What does it mean to switch to Socioracy? [was Sociocracy/Dynamic Governance workshop w/John Buck, Sheella Mierson on 2/26-27, Wash DC
From: Sharon Villines (sharonsharonvillines.com)
Date: Sun, 6 Jan 2013 07:09:51 -0800 (PST)
On Jan 5, 2013, at 12:00 PM, Diana Leafe Christian <diana [at] ic.org> wrote:

>       Here's a wonderful 6-minute video by some Lost Valley members saying  
> how they switched from consensus to Sociocracy, and why they like it. 
> http://sociocracyconsulting.com/resources/videos/

To expand on Diana's shorthand:

I would describe this as "how they switched from no governance structure to a 
governance structure based on consensus." Sociocracy is the only governance 
system that supports and reinforces consensus decision making. it enables 
consensus, makes it practical in large and diverse groups with complex aims.

In the video community members explain how communities are able to retain the 
collaborative and inclusive qualities of consensus decision-making while 
delegating decisions to small groups and allowing them to become specialized.

While I understand why people like to oppose consensus with consent, I believe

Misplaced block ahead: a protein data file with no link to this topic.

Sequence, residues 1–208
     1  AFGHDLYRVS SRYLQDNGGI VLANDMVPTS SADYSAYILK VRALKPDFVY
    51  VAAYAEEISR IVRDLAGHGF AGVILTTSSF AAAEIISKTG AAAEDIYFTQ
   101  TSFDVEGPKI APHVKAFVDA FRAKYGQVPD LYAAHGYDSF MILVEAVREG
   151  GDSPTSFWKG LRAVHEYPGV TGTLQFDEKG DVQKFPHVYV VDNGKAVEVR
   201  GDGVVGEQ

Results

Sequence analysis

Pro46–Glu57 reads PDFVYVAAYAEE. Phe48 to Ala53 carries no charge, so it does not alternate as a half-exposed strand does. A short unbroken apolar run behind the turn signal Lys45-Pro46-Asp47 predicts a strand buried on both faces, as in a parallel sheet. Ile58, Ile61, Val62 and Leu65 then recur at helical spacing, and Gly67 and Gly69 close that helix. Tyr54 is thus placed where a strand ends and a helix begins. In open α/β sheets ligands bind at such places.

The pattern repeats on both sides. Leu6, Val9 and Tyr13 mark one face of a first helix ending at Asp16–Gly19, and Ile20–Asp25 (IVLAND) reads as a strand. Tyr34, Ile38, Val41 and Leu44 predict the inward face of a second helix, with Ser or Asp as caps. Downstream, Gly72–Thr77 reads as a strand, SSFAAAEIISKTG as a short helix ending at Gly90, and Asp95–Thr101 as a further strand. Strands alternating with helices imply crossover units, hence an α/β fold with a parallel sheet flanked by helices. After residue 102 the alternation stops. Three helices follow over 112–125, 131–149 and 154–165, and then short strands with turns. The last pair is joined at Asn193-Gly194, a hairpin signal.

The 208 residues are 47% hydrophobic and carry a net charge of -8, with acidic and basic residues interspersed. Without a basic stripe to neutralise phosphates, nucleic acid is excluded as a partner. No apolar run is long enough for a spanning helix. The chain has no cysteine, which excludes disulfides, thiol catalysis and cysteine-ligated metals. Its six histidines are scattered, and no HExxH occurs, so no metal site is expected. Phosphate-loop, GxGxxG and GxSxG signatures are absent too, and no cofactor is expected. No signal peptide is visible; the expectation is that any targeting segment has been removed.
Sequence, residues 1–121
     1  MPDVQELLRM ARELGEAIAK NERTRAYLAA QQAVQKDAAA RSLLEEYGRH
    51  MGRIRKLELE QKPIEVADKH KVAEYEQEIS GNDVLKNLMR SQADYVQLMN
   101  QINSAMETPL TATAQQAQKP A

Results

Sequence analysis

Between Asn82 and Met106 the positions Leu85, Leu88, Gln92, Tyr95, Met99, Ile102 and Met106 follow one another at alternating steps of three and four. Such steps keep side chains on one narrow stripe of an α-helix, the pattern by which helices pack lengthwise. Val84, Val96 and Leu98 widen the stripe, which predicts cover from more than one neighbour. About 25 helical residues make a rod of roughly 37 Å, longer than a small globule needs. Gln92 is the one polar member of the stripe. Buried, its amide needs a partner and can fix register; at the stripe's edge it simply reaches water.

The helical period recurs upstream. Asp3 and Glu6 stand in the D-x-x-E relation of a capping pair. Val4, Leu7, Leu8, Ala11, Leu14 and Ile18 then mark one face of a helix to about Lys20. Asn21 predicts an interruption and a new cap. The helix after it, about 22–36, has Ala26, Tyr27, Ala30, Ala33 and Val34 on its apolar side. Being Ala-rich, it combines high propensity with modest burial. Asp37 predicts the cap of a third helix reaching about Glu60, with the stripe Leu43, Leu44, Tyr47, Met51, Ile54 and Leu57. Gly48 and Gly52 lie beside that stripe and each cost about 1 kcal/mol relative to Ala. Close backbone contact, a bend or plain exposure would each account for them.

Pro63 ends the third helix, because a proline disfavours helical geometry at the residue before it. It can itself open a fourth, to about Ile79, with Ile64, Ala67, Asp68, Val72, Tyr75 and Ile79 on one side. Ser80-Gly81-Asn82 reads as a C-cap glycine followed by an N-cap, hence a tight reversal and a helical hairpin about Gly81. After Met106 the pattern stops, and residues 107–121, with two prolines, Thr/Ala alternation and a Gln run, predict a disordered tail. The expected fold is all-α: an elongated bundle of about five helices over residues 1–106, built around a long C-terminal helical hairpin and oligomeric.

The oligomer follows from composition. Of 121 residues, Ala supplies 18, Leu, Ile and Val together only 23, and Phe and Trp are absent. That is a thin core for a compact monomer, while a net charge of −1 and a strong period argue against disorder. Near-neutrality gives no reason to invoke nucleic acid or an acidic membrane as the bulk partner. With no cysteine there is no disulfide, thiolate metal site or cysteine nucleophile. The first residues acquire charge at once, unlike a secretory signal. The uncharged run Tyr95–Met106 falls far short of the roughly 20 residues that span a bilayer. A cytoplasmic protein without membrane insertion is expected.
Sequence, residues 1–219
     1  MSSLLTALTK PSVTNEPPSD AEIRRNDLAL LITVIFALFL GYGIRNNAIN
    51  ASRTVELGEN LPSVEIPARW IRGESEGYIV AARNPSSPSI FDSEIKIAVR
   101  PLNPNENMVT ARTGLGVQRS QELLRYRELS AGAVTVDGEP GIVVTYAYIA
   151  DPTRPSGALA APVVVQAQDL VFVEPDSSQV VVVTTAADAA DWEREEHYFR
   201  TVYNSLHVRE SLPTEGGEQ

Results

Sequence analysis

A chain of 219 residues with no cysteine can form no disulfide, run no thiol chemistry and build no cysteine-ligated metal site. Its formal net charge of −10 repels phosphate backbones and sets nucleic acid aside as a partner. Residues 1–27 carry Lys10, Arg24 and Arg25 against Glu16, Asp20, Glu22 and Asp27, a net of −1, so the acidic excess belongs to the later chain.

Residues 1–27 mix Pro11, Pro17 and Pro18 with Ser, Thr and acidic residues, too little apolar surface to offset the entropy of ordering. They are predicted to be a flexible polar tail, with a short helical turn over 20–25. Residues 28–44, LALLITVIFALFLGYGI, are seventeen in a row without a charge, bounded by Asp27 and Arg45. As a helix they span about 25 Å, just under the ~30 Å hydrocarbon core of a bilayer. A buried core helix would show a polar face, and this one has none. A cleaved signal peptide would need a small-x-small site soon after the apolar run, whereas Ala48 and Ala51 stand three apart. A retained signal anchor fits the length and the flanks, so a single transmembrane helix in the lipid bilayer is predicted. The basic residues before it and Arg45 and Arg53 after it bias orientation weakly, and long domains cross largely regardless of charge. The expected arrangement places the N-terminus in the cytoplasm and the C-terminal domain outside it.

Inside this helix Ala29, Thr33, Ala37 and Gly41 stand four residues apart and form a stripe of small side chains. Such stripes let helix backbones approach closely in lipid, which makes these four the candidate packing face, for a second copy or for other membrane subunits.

that in the end it is self-defeating. It becomes a battle of definitions rather 
than a focus on how to organize cohousing communities so they function as 
excellent places to live and grow.

The fundamental difference between what cohousing groups using consensus do now 
and what they would be doing by adopting the sociocracy is not changing their 
decision-making method but adopting a governance structure that supports it and 
makes it more effective. That is the change that produces the shift from 
stalemate to community.

Sociocracy's dynamic governance structure uses principles of organization 
derived from observations of natural systems and has been tested and developed 
in organizations since the 1970s. It was also strongly influenced by Quaker 
beliefs and ideals. It was developed first in a large residential school and 
then in a corporation. It has all the bells and whistles needed to make quick, 
well-considered decisions that are evaluated and improved over time, but also 
has as its underlying values equivalence and harmony, not competition.

In cohousing, because we fear losing the inclusive wholeness of our 
communities, we have resisted adopting anything other than full-group 
decision-making. Sociocracy allows us to delegate and specialize and still 
retain the sense of the whole.

Sharon Villines
Co-author with John Buck of We the People: Consenting to a Deeper Democracy, a 
Guide to Sociocratic Principles and Methods

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